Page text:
Interagency board identifies underused fed buildings

Congress is holding the government accountable for federal building ownership and leasing. Rep. Holmes Norton is asking GSA for access to excess building data.

By John Buckner
Federal News Radio

The House Oversight and Government Reform Committee is discussing solutions on how to reduce the number of excess and under-utilized federal properties. The committee is responding to the recent Government Accountability Office report that identified many duplicative programs across the government.

The GAO report added fuel to the ongoing discussion that agencies continue to spend billions of dollars on unneeded or underused buildings. The administration wants to create two panels to look into how to dispose of excess properties.

Danny Werfel, controller of the Office of Federal Financial Management, has established the real property advisory board.

“It [the real property advisory board] consists of OMB, several CFOs and real property executives,” said Kathleen Turco, associate administrator in the General Services Administration’s Office of Governmentwide Policy at the Independent Telecommunications Pioneer Association luncheon Thursday.

Turco said the board is identifying the issues and problems in disposing of excess properties or the analysis around the underutilized properties.

In addition to this interagency board, the White House announced a proposal for its Civilian Property Realignment Board Wednesday aimed at the same issue.

“These properties cost over $20 billion a year to operate and maintain. The government doesn’t need all these properties. In fact, 14,000 of these properties have already been designated by agencies as excess,” said Jeff Zients, deputy director for management in the Office of Management and Budget Wednesday at a White House press conference.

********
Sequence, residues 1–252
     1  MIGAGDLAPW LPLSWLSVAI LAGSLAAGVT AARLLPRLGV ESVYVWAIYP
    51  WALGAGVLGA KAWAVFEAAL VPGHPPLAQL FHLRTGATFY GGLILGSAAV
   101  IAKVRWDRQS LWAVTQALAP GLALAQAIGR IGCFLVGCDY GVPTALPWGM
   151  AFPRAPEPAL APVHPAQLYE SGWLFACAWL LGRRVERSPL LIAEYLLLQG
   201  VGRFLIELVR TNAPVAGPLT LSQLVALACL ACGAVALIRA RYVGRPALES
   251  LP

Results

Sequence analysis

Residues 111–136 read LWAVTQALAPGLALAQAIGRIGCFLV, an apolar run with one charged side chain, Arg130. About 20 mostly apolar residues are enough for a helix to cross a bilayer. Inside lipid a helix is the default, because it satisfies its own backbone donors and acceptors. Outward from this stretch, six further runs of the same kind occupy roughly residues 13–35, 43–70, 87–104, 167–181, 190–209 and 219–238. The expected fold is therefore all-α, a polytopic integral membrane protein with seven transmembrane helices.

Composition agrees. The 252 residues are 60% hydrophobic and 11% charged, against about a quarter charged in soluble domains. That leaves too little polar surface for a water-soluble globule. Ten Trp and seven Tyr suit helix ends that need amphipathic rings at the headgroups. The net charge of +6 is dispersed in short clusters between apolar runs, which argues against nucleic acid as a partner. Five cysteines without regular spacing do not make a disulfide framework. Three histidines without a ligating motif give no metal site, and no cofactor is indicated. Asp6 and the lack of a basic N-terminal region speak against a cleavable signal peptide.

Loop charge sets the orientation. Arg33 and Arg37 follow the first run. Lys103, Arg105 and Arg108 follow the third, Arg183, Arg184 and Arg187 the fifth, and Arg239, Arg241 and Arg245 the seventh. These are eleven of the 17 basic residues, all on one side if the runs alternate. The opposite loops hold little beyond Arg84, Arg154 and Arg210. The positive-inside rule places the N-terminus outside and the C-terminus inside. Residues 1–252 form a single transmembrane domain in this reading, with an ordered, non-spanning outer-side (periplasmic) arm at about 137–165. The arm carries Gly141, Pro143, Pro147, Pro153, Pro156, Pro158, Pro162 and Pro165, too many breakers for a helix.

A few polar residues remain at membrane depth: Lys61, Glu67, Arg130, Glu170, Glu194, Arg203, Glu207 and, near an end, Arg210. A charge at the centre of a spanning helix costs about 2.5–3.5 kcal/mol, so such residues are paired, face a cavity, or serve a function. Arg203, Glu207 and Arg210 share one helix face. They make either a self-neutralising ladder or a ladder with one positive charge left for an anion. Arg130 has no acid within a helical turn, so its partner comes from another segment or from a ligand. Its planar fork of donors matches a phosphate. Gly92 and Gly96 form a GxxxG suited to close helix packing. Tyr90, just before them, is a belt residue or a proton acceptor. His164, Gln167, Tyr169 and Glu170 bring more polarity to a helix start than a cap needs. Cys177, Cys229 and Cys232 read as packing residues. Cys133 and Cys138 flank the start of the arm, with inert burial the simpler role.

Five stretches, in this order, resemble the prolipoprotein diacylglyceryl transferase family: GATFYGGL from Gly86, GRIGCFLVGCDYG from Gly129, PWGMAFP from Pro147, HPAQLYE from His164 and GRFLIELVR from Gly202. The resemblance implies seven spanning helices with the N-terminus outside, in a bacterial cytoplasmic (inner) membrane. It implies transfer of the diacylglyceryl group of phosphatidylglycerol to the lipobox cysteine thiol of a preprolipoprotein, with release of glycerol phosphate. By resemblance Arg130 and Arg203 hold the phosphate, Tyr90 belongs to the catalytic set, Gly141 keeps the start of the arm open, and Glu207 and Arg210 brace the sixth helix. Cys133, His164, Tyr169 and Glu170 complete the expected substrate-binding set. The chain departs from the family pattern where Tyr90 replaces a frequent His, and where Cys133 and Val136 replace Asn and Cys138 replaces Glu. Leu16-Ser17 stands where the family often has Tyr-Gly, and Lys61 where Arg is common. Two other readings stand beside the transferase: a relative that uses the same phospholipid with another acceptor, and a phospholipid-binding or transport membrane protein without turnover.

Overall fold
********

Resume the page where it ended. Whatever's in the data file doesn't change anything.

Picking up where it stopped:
Both boards are working together to save the taxpayers an estimated more than $15 billion over the next three years.

The White House stated the government owns 1.2 million properties. 14,000 of them are considered excess and 55,000 of them are underutilized.

During Thursday’s committee hearing, Rep. Eleanor Holmes Norton (D-D.C.) said one solution to reducing the number of federal facilities is to change how the government makes a buy or lease decision. She pointed to the new Department of Transportation headquarters in Washington, D.C., that the government signed a 15-year lease on. She said it will cost the government millions more than if they had just bought the building outright.

Holmes Norton said the government is spending billions of dollars by not owning or leasing of properties the same way the private sector.

“We’ve recommended that OMB come up with a proposal to be able to deal with this issue, that’s not been done yet,” said Comptroller General Gene Dodaro. “It’s a combination of action by OMB working with Congressional Budget Office and the budget committees to make a change.”

Holmes Norton also asked witnesses what the role of the committee should be now that “there are so many actors” taking on the issue.

“This committee needs to drive an outcome,” said Tom Davis, former Virginia Congressman and chairman of the Committee. “What we need to do here at the sub-committee level is continue to hold hearings and drive it and keep their feet to the fire. You need to put time limits on this so the clock runs out.”

Holmes Norton has signed a letter asking the General Services Administration for access to their data records on excess properties to aid in the process.

Congressman Paul Gosar (R-Ariz.) also questioned the witnesses about excess and unused properties and what they thought “was the best method to get the agencies to part with this property and sold to the private sector?”

“I think Congress should require regular reports on a quarterly basis from OMB about what the plans are to be to dispose of property,” Dodaro said.

Dodaro also said the administration has goals to dispose of property by 2012 and it is Congress’ responsibility to hold the government accountable to achieve their goals.

John Buckner is an intern with Federal News Radio.

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